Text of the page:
Texas A&M Vet Team Treats Baylor Bear Mascot For Benign Tumor
Judge Sue “Lady” Sloan is no ordinary American black bear. In Waco, Lady holds a distinguished role as one of Baylor University’s two live animal mascots.
She also has the luxury of regular veterinary care from zoological specialists at the Texas A&M University College of Veterinary Medicine & Biomedical Sciences’ (CVM) Veterinary Medical Teaching Hospital (VMTH).
When these veterinary specialists discovered a benign mass called a thymoma in Lady’s chest, they teamed up with other VMTH services to deliver a course of treatment never before used on a bear — stereotactic body radiation therapy using the TomoTherapy system.
This treatment has the potential to completely stop the tumor’s growth while also preserving the 17-year-old bear’s quality of life, which was the utmost goal of both her veterinarians and her care team from Baylor.
Lady was diagnosed with her thymoma this summer when she arrived in College Station for a routine checkup with CVM professor emerita Dr. Sharman Hoppes.
“For a checkup of a large animal like this, we do a full workup including blood work, physical exam under anesthesia and imaging,” said associate professor Dr. J. Jill Heatley, a zoological medicine specialist who joined the case later this summer. “Based on numerous radiographs, we found this mass in the chest. Gwendolyn Levine, one of the radiologists, got a really good sample and one of our clinical pathology specialists told us told us it’s an epithelial inclusive thymoma.”
When plans for treatment began, Heatley recruited Dr. Lauren Smith, CVM clinical assistant professor and radiation oncologist, to figure out the best way to deliver precise, effective treatment to Lady’s tumor, which was already larger than a softball.
Only two other cases of thymomas in bears exist in veterinary literature, one of which was found after the bear had died. The other was only found after the bear began showing signs that something was wrong.
“The good news for Lady is that she’s completely asymptomatic; she has no clinical signs of the mass, which means that we caught it early,” Smith said. “Early detection is key with cancer. Being able to intervene at an early point is why we have a very positive outlook for her.”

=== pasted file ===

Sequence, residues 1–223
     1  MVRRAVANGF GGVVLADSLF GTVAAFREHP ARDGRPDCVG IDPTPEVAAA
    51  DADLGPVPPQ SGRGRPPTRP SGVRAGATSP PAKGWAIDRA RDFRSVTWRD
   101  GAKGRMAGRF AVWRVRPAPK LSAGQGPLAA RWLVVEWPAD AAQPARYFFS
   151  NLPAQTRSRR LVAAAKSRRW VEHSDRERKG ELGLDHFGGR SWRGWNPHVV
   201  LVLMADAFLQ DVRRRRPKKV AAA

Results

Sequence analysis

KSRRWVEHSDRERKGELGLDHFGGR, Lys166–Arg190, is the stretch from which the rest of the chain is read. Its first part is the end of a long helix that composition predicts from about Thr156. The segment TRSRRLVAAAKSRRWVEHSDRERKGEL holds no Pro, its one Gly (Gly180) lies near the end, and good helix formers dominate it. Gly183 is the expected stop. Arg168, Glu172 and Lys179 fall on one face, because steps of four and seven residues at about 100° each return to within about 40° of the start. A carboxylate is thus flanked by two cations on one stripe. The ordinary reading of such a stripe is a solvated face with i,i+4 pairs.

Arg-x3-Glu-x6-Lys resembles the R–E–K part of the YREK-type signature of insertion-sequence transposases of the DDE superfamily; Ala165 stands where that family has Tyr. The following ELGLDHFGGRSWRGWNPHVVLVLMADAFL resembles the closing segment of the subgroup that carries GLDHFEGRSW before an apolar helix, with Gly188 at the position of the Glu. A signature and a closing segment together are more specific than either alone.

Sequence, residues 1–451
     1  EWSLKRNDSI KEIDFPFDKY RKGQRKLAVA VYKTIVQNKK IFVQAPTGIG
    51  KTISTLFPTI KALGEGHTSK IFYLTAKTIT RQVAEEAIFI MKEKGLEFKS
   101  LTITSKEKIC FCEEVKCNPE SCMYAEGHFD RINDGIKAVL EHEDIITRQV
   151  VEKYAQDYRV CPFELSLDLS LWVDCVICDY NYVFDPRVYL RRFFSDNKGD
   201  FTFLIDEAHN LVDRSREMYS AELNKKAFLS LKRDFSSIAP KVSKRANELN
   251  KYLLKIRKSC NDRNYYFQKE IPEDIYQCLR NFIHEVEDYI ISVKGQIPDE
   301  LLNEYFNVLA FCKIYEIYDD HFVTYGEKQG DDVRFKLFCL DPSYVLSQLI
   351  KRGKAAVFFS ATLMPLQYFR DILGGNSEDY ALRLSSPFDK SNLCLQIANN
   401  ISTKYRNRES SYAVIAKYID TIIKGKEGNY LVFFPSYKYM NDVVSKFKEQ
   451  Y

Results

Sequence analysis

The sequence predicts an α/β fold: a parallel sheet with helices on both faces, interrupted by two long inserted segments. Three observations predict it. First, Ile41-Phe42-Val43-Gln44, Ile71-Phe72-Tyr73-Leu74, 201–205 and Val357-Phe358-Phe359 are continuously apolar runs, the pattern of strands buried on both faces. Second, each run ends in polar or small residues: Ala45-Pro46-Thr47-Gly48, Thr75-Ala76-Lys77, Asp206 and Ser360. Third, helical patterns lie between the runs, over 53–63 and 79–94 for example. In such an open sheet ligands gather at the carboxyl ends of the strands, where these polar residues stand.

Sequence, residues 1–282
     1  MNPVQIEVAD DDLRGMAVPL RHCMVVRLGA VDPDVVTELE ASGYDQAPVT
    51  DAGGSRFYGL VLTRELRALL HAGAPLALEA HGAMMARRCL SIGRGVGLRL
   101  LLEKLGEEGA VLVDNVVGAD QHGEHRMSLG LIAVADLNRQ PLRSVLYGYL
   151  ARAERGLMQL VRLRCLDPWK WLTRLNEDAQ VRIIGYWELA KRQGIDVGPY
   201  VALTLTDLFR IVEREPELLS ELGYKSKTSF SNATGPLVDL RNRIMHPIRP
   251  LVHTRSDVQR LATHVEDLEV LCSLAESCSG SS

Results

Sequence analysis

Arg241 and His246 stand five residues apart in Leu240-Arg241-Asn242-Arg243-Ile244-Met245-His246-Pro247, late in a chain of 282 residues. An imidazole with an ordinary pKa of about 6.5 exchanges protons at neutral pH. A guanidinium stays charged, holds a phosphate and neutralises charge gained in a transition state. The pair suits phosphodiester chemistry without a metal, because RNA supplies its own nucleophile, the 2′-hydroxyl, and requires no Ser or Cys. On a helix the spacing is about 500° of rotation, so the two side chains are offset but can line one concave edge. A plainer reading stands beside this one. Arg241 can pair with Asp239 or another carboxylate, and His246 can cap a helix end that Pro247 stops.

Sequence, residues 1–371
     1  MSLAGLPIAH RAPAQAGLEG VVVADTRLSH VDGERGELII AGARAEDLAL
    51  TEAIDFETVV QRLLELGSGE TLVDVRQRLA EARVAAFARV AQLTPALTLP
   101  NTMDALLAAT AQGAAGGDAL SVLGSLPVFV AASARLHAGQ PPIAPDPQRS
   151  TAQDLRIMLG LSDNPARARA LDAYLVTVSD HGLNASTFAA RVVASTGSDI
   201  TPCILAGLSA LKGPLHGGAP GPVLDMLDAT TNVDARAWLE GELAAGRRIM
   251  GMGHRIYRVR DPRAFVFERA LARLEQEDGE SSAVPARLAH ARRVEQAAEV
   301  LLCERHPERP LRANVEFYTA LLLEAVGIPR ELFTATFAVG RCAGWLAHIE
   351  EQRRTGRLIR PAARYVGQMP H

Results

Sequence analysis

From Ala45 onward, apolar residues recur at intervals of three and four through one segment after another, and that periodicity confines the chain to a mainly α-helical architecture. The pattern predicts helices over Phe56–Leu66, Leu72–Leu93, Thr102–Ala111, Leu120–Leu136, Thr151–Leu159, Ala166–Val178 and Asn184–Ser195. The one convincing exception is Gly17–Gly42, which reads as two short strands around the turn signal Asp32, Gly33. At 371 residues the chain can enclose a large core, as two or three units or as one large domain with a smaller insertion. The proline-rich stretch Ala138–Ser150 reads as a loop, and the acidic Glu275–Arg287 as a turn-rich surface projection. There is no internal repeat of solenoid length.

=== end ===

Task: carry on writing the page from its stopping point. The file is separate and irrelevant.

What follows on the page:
They decided that Lady’s best treatment option was stereotactic body radiation therapy, which uses many beams of high-energy photons to deliver large doses of radiation to the tumor and spare surrounding tissues.
Although there is no record of this form of treatment ever being used on a bear, Smith said it was a good patient-based treatment option because it allowed Lady to go home between treatments and avoid complications, side effects, or risks associated with surgery.
“This treatment plan allows Lady to spend as little time in the hospital as possible and keeps her quality of life first, as well as gives her the best chance moving forward,” Smith said.
To apply this form of radiation therapy, Lady was anesthetized and placed inside the TomoTherapy system, a unique technology that is only used at one other veterinary hospital in the world.
“What makes TomoTherapy unique is that we treat these tumors in a slice-by-slice fashion,” Smith said. “We get millions of opportunities to get a dose into the tumor while avoiding normal tissues; it allows us to have much better and more conformal plans and much tighter doses of distributions to the tumor itself. Where TomoTherapy shines in cancer treatment across the world is treating tumors with complex shapes and geometries.
“Lady’s tumor is sitting right up in front of the heart and between the lungs, so we’re trying to get really high ablative doses to kill this tumor while it’s sitting in between those fairly sensitive, important structures,” she said. “TomoTherapy allows us that opportunity to still treat aggressively with these cancers while maintaining good quality of life. This is probably the first large exotic animal treated with TomoTherapy.”
TomoTherapy offers another benefit in that it has onboard CT imaging capabilities; during Lady’s three doses of treatment, the CT scanner was used to make sure she was in the same position every day.
During her treatments, Lady was accompanied and supported by Baylor students in the Baylor Bear Program and Dakota Farquhar-Caddell, associate director of student activities and the Robert L. Reid Director of the Baylor Chamber of Commerce.
“We are really lucky to be this close to Texas A&M,” Farquhar-Caddell said. “The care has been exceptional. I have direct contact with many of the staff on a daily basis. They reach out to me after we get home, checking in on how Lady is doing. We’ve had great communication and conversation with them and we’re really thankful.”
With her three radiation doses now complete, Lady has returned home to the Bill and Eva Williams Bear Habitat in Waco, a U.S. Department of Agriculture Certified Class C Zoo facility that provides Lady and her sister, Joy, with a natural environment full of enrichment.
“Joy and Lady are a beloved part of our community, and we’re just really grateful that we have excellent care and access to resources and the ability to care for them well,” Farquhar-Caddell said. “In some ways we see our bears as ambassadors for other American black bears. They have probably the largest platform any black bear has in the country, so we use it to educate the community and for important conservation efforts.”
By focusing on her quality of life and finding an innovative way to treat her thymoma, Lady’s veterinarians and Baylor care team have taken a monumental step forward in the veterinary care of large exotic animals.